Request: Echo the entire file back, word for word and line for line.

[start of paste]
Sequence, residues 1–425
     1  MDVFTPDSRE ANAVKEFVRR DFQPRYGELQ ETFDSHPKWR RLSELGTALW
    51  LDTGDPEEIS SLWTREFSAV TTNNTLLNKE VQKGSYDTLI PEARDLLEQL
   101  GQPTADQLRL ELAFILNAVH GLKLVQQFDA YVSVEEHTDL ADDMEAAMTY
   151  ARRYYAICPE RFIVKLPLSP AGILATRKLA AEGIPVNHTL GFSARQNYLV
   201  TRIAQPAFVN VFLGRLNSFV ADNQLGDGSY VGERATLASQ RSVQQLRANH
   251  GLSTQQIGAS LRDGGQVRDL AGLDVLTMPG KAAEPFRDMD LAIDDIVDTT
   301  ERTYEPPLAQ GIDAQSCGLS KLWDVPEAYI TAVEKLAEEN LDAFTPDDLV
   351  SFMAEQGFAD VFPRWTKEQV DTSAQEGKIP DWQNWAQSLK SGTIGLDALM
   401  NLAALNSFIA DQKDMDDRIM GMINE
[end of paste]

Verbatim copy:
Sequence, residues 1–425
     1  MDVFTPDSRE ANAVKEFVRR DFQPRYGELQ ETFDSHPKWR RLSELGTALW
    51  LDTGDPEEIS SLWTREFSAV TTNNTLLNKE VQKGSYDTLI PEARDLLEQL
   101  GQPTADQLRL ELAFILNAVH GLKLVQQFDA YVSVEEHTDL ADDMEAAMTY
   151  ARRYYAICPE RFIVKLPLSP AGILATRKLA AEGIPVNHTL GFSARQNYLV
   201  TRIAQPAFVN VFLGRLNSFV ADNQLGDGSY VGERATLASQ RSVQQLRANH
   251  GLSTQQIGAS LRDGGQVRDL AGLDVLTMPG KAAEPFRDMD LAIDDIVDTT
   301  ERTYEPPLAQ GIDAQSCGLS KLWDVPEAYI TAVEKLAEEN LDAFTPDDLV
   351  SFMAEQGFAD VFPRWTKEQV DTSAQEGKIP DWQNWAQSLK SGTIGLDALM
   401  NLAALNSFIA DQKDMDDRIM GMINE